If you’re looking for a feel-good writerly tale of unexpected success, financial solvency or bestseller lists, you’ve come to the wrong place. On the other hand, this is not a rant, either, but simply a few facts on what I’m doing and where I feel I might have gone off-track recently.
The Culture Wars series has never been huge. It seems that readers aren’t so big on homophobia stories, and coupled with science fiction elements, the second book in the series, Written In The Snow, didn’t sell bucketloads. That’s fine. I wrote those books for me, because I wanted to write them. I was starting out, learned a lot of lessons, and improved my craft.
Then came another book, Written In Stone. It was more of a political spinoff of the Culture Wars series, centering on people more than sci-fi/military romance. I spun it off into its own series because it was a prequel to the events of the Culture Wars, and I thought it would make for one hell of a confusing third entry in a series.
Looking back, it really was a vanity project, with not a whole lot of sales potential. That didn’t stop me from spending the best part of a year on it. I rewrote parts of it, cut entire sections, wrote out characters and enlisted a very helpful and generous beta who assisted me greatly. I really did feel satisfied with the end product, right down to the cover. But it took a hell of a lot of time, I’m talking a good 1000 hours easily, getting it to that place. Probably closer to 2000. I sank months on end into hammering out every little detail.
The problem of course is that it was still a self-published side story to an already limited-interest series. And it flopped. I sold perhaps a dozen copies at launch, totaling around $50 in royalties. Then… nothing. I haven’t sold a single copy in two months. Nothing else from my backlist has been moving, either.
The question at this point, is, do I want to continue to indulge myself, and write a few novels I’m happy with that may never find an audience? Or do I still cling to the lofty ideas of someday making a living as a writer?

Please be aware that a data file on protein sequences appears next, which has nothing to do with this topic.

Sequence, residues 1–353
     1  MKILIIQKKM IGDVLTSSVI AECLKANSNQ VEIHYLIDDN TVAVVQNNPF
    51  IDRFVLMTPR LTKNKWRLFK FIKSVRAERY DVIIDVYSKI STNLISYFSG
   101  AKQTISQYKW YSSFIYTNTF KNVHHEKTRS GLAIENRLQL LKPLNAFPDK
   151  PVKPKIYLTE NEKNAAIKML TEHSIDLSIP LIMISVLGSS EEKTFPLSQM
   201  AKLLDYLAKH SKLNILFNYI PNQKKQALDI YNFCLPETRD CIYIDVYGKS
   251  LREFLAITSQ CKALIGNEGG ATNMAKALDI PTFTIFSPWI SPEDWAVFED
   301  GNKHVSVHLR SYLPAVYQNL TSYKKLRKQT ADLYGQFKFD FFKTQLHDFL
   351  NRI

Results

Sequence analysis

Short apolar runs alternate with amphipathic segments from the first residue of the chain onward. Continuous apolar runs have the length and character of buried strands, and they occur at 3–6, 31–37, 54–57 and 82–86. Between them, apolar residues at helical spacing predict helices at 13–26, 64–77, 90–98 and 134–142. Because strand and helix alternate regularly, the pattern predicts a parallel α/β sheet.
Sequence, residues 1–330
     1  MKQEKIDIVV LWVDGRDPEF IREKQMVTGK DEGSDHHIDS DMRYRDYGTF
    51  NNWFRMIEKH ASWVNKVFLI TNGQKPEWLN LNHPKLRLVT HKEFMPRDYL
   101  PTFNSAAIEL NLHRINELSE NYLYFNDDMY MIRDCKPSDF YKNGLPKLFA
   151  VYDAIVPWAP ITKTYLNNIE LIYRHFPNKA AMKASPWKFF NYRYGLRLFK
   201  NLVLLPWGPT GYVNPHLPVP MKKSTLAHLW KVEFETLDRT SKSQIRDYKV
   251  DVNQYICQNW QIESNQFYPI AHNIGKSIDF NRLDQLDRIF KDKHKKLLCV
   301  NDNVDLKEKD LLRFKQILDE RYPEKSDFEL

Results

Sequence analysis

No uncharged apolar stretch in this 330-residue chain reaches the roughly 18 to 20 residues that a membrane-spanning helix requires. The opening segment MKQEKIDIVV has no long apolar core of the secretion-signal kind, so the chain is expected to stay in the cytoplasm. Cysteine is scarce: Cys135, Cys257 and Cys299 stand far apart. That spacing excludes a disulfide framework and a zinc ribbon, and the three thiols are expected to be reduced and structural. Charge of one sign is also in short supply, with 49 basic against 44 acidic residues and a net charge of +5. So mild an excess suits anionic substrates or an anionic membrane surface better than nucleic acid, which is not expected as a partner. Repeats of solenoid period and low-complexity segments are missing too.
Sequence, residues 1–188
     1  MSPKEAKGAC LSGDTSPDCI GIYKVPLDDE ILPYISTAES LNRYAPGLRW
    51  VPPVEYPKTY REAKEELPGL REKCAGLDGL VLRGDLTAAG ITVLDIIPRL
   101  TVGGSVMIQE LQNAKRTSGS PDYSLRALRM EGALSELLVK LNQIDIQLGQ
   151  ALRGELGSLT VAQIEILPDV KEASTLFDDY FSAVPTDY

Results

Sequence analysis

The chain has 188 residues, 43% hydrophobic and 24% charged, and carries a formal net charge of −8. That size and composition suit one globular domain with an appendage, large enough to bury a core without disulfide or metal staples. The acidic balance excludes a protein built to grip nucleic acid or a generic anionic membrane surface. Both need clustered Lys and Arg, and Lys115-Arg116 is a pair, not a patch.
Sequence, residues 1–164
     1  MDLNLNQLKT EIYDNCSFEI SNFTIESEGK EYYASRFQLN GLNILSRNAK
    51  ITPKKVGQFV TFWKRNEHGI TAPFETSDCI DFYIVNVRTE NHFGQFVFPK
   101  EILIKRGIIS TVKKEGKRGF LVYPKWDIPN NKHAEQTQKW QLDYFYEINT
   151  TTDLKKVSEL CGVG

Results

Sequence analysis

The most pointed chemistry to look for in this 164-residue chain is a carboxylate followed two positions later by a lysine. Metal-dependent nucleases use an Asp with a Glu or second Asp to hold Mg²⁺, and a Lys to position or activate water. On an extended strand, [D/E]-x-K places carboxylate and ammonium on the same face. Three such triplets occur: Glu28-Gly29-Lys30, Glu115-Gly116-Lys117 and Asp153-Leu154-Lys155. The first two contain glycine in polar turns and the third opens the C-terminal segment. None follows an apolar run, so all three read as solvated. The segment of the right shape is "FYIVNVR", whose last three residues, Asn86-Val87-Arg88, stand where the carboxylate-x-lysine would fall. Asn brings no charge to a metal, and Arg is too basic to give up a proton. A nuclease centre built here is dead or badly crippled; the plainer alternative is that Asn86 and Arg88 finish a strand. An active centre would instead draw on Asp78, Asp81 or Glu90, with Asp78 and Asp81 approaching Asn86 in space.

It’s a very tough question. I know what my heart says. My heart says that last April I wrote an F/F/M bisexual novel when very few publishers see any sales potential in menage with F/F content. And I love it so much I sent it to a publisher anyway. I’m not sure if I want them to accept or refuse it, because I fear losing my publishers money, I really do. I see so many small presses going under and I don’t know if I’m just wrong for this corner of the web, at least if I want to be what one would consider a “successful” writer.
I’ll be honest, I looked at the M/M Goodreads Book Group’s Member Choice Awards winners this year and I saw a lot of books that aren’t my cup of tea at all. That doesn’t mean they don’t deserve awards (and congratulations to all the winners!), but just that when I see what my audience wants and what I want, I see two different paths… I’m not into contemporary romance, and I feel like that shows when I try to write it, yet I still feel that inexorable pull from a well-told, plotty fantasy or sci-fi romance. There are stories I want to tell, but I’m not sure people are waiting to read them. I don’t want or need to be popular, but I worry that I’m not connecting with anyone at all, no matter how hard I try, and what use is writing if nobody reads it? Even the extremely rough and unedited F/F fiction I put out on the web years ago seemed to attract an audience.
On a more positive note, I do have some great releases coming out this year, that represent my very best work. Reunited, from Totally Bound Publishing. Nami, from Wilde City Press. The Dragon’s Curse and The Forbidden Zone from Less Than Three Press. I’ve received some great feedback from editors. I think if there was ever a year that will spell my future, it’s this one. I have a lot riding on a few works that I really poured everything into.
The other choice is writing for money, and… I’m not even sure that’s an option. The secret with me is that I’m very inspiration/Muse based. If the soul isn’t there, the magic doesn’t happen. I do have a very rough M/F novel still sitting on my hard drive from 2010 which could be fixed up and expanded into a series, but I’m reluctant to leave my genre. With a full-time job, leaving LGBTQ writing really would mean leaving, and I don’t want to go anywhere else. I like it here. I love that there are books about all colors of the rainbow. I’m so happy to see F/F fiction finally getting some appreciation.
And maybe that’s the secret – not to court mainstream appeal at all but to simply write, and perhaps find a niche where I can be happy and make others so. That’s why I’m going to start an F/F novel right now, because I’m feeling it when I haven’t felt the desire to write since November. And damn the numbers, screw the odds.
I’m not selling out and I’m not leaving. I’m here to stay with all the weird and wonderful ideas floating around my brain.
With infinite love,